C.I. Lewis wasn’t happy with the material conditional (\phi \rightarrow \psi), presumably because that conditional does not formalize the indicative conditional in quite the expected way. He then resorted to the strict conditional \Box (\phi \rightarrow \psi), thus avoiding many of the ‘counterintuitive’ results involving the material conditional, e.g.: \psi \models (\phi \rightarrow \psi)  but \psi \not\models \Box (\phi \rightarrow \psi), and \neg\phi \models (\phi \rightarrow \psi)  but \neg\phi \not\models \Box (\phi \rightarrow \psi), and also  \neg(\phi \rightarrow \psi) \models \phi  but \neg\Box(\phi \rightarrow \psi) \not\models \phi, among others.

Still, some people will think that the strict conditional does not formalize the indicative conditional in quite the expected way either — and that is not just because there are the so-called ‘paradoxes of strict implication’, i.e.: \Box \psi \models \Box(\phi \rightarrow \psi) and \neg\Diamond \phi \models \Box(\phi \rightarrow \psi), but also because it is still the case that contradictions strictly imply anything, i.e.: \models \Box((\phi \wedge \neg\phi) \rightarrow \psi), for any \phi,\psi. If in addition to that one requires at least reflexivity of the accessibility relation, one then gets by modus ponens (\phi \wedge \neg\phi) \models \psi, or: anything follows from a contradiction. This is sometimes called the ‘principle of explosion’. So the strict conditional does not avoid all the drawbacks of the material conditional after all.

But what is the problem with explosion? Priest (here) claims that there are ‘definite counterexamples’ to that principle. One of them is about Bohr’s theory of the atom. Priest says:

This was internally inconsistent. To determine the behaviour of the atom, Bohr assumed the standard Maxwell electro- magnetic equations. But he also assumed that energy could come only in discrete packets (quanta). These two things are inconsistent (as Bohr knew); yet both were integrally required for the account to work. The account was therefore essentially inconsistent. Yet many of its observable predictions were spectacularly verified. It is clear though that not everything was taken to follow from the account. Bohr did not infer, for example, that electronic orbits are rectangles. (p. 75)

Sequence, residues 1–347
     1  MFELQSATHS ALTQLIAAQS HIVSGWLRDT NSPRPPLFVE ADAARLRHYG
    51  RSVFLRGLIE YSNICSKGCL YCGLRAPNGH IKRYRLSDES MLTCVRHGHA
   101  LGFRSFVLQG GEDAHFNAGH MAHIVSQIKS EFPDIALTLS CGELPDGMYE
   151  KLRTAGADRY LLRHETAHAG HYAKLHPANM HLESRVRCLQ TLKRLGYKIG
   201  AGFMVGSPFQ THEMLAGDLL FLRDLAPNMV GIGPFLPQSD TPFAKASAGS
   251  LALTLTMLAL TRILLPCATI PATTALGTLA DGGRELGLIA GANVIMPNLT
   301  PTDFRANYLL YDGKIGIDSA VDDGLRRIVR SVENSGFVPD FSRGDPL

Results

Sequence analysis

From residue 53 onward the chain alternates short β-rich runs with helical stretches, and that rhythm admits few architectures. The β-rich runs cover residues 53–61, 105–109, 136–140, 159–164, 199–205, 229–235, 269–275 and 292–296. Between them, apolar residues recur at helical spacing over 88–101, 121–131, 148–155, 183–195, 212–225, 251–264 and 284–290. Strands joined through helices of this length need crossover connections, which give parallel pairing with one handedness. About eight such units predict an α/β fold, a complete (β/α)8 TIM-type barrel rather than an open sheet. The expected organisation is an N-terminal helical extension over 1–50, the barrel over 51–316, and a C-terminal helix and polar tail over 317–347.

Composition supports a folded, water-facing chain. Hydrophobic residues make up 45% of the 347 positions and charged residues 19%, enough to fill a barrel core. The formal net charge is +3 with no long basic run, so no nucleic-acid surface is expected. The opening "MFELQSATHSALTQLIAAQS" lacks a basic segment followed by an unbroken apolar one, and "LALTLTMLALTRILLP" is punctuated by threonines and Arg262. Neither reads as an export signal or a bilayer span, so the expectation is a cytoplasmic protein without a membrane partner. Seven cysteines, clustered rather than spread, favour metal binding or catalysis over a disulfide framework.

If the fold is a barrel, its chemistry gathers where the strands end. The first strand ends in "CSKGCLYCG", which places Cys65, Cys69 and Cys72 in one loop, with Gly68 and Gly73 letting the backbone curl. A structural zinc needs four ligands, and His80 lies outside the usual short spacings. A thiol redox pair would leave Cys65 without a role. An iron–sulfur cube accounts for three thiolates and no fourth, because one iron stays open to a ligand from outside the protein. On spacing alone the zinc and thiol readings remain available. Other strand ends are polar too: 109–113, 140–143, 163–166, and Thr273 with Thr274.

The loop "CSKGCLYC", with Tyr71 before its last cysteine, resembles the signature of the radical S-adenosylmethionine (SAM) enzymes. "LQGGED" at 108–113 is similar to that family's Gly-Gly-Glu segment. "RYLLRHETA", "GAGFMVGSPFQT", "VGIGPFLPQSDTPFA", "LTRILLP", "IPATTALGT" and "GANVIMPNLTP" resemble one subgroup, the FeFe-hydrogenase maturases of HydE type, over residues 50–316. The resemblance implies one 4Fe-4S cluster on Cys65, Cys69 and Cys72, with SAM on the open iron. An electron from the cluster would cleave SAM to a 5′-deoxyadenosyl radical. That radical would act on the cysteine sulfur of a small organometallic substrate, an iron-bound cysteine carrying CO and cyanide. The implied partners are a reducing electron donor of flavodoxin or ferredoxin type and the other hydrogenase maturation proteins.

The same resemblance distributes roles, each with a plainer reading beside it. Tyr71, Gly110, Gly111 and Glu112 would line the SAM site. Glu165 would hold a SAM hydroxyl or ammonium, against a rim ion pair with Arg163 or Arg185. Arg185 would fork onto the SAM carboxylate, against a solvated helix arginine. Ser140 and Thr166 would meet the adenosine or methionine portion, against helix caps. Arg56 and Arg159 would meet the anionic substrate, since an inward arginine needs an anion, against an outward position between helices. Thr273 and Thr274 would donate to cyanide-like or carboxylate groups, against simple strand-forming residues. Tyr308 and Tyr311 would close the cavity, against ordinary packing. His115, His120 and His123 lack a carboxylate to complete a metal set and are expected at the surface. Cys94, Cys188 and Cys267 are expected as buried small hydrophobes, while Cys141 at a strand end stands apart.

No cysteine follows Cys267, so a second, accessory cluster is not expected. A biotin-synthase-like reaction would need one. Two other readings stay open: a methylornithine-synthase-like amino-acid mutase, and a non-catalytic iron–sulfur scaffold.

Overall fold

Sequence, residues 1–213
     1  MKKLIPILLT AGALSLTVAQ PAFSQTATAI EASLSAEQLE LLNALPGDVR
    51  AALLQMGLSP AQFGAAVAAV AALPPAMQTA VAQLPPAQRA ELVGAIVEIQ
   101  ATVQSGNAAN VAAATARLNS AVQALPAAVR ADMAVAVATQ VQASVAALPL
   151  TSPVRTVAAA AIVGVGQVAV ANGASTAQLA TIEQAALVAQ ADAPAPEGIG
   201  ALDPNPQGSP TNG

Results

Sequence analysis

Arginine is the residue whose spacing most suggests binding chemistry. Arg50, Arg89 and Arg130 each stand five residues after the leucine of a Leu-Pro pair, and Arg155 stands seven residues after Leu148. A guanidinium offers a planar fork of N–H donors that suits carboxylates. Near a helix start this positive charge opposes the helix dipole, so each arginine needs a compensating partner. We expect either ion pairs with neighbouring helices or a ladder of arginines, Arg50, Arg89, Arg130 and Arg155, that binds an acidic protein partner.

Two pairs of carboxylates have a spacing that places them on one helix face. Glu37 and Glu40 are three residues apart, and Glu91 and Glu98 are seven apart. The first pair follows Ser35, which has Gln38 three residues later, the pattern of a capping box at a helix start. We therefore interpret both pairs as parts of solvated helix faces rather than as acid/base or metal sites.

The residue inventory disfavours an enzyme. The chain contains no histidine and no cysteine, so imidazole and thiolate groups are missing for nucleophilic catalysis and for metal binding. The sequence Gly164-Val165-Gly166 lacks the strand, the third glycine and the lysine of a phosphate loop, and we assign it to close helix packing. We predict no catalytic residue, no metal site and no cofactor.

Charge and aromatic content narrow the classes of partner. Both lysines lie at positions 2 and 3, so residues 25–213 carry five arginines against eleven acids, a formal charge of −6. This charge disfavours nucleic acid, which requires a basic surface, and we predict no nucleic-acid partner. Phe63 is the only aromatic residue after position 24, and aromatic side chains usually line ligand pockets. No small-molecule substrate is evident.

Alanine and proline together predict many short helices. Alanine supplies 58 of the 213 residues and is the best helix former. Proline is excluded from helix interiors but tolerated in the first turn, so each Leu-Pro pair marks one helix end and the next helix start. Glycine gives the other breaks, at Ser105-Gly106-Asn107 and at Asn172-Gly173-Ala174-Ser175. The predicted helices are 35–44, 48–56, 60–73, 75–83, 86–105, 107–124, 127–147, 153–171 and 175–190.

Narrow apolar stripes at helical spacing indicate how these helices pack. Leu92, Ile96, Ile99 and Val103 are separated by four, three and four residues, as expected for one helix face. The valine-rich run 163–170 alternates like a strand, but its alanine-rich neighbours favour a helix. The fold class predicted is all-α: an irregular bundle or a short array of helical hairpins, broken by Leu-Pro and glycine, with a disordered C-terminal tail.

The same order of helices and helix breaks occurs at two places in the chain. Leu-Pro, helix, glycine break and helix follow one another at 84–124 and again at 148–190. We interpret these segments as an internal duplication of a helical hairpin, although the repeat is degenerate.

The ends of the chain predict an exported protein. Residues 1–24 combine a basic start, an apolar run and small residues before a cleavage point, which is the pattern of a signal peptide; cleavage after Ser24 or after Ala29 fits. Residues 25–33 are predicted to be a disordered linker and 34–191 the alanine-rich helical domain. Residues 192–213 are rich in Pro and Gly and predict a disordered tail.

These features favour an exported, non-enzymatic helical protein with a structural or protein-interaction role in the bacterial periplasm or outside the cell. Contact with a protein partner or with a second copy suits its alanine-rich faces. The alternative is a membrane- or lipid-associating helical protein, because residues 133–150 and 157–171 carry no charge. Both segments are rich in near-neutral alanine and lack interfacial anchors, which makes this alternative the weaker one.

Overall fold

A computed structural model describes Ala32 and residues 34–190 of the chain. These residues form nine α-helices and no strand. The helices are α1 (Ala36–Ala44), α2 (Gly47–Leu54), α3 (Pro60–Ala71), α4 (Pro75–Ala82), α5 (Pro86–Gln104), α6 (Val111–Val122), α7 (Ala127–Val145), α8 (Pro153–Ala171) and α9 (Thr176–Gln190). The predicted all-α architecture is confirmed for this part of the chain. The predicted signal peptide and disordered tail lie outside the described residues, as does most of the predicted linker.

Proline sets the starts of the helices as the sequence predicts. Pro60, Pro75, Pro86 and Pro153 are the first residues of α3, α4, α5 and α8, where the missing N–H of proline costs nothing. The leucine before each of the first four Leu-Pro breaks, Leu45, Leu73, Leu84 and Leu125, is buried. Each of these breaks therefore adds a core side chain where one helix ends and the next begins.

There appears to be a non-trivial assumption on the background of this argument, however, i.e. roughly: that if a certain logical entailment holds, it is rational for us to infer its conclusion on the basis of its premises. Given that Bohr did not infer any old thing from his inconsistent theory of the atom — and it would not be rational for him to do so anyway — explosion is not valid. One is reminded here of Harman’s points (here) against the view that there is a tight connection between logical consequence and correct reasoning, when the latter is understood as reasoned change in view. Harman and Priest agree that sometimes it is rational to be inconsistent. But while Harman infers from this that logic is not specially relevant to reasoning, Priest infers that classical logic is problematic.

Priest’s approach, however, can be seen to be problematic insofar as we generalize it to other cases. We do not conclude, for example, that a logic in which \phi_1,...\phi_n \models (\phi_1\wedge ... \wedge\phi_n) is problematic because a rational subject fails to believe the conjunction of all his beliefs, or even a localized subset of it. Priest would then need to tell us why we cannot do in the conjunction case what he did in the inconsistency case.